Living at society’s margins and below the poverty line: Refugee Perspectives

As told to Mhairi McLaughlin

In 2005, Nino* was forced to leave Togo as a result of political violence which played out during his country’s presidential election. He fled in search of help for himself and his family. 12 years later, he lives in Hong Kong with his wife and two children, still looking for help.

Do you enjoy living in Hong Kong?

Living here is not something you can enjoy. You start in the wrong place – the room that you have to sleep in is like living like an animal.

I arrived here in 2005 and in 2006 the government started giving accommodation to the refugees the room was tiny, just enough room for a bed. By the time my wife arrived with our two children in 2009, we were each allocated HK$1200 per month for rent. We managed to find a room on the 9th floor of a building. But my wife is anaemic, she struggled with the stairs and she still does now – over 10 years on and we’re all still there.

We started talking to the media about the tiny allowance we are given by the government and this helped us bit in being given more money for transportation – we were going crazy stuck in our room all day. As a human being you cannot stay in a room 24 hours a day – you need to be able to go out and see your friends. There is a constant worry about how we will pay for our rent as well. A friend used to help us out with money which meant we can afford our flat, but this friend has had to move away so again we will have to look for accommodation. But all we will be able to afford is a studio apartment  – how can 2 kids study in a studio apartment?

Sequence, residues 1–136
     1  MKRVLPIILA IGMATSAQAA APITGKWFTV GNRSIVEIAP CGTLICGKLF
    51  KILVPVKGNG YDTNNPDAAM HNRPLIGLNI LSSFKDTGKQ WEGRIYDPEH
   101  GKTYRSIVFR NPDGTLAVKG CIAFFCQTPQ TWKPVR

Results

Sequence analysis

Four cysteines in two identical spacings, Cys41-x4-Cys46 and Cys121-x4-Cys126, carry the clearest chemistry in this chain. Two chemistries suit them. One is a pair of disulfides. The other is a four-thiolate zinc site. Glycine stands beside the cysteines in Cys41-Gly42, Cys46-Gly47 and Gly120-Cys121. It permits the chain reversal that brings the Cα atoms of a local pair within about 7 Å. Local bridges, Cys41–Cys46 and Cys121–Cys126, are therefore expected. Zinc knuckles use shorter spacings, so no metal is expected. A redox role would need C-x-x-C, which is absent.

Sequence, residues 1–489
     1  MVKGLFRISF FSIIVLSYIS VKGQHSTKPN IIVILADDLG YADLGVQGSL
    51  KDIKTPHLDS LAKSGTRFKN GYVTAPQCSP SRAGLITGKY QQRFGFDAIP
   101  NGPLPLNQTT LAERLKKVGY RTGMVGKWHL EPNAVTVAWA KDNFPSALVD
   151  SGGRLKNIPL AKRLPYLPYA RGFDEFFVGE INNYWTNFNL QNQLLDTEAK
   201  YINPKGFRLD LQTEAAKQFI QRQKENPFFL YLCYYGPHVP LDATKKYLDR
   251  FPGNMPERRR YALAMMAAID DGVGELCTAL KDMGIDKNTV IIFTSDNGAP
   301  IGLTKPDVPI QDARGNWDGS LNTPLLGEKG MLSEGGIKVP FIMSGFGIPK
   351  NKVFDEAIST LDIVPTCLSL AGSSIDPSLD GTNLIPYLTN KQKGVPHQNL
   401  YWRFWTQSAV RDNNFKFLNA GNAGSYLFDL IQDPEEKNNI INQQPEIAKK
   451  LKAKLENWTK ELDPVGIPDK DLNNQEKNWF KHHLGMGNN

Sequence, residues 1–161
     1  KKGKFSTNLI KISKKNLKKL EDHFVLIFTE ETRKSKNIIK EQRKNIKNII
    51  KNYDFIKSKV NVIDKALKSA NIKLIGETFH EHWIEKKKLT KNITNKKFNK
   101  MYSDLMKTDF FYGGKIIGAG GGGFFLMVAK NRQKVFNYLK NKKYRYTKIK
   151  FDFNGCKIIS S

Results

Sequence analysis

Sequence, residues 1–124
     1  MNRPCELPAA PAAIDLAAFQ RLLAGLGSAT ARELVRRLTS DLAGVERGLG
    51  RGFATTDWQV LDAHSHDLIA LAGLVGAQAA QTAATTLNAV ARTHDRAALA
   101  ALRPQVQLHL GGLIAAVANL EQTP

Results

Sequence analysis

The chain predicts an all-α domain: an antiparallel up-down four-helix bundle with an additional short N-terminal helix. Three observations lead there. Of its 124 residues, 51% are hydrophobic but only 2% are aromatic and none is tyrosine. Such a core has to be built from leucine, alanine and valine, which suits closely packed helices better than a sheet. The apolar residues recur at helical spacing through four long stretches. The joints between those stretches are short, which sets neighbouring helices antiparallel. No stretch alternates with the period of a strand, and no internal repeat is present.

The refugee situation in Hong Kong is something which is very hard to compare. This is how we are treated by the government: if you are not Chinese, or if you don’t have money – forget being cared about.

Do you see any progression in the next 5 years? 

Not at all – the government will not raise our allowance but house prices will continue to rise. And the number of refugees in Hong Kong will grow and grow.

Right now there are around 15,000 refugees. After the Beijing Olympic Games in 2008, the number doubled because China kicked out the refugees and sent them in boats to Hong Kong. I think we can expect 20,000 refugees by 2020. Maybe more.

Photo: Tegan Smyth. Nino preparing a dish from his home country.

Where do most refugees live? 

Some live in slums, however refugees have started fighting about these slums (in NT e.g. Kam Tin) – these places are illegal and dangerous. This is the only place you can get a house if you are a refugee. If you have kids, and they are ill during the night for example , ambulances won’t come because it is so inaccessible. There are no basic amenities, schools, shops, hospitals. Either this they live under bridges, in the lobby of Chungking Mansions; they are homeless.

The worst part of it is that there is so much money in HK, but it is so unequally divided…

When you go to the International Social Service (ISS – who grant accommodation to refugees) they are not doing anything to help. They just help you to sign a contract, and then they get paid.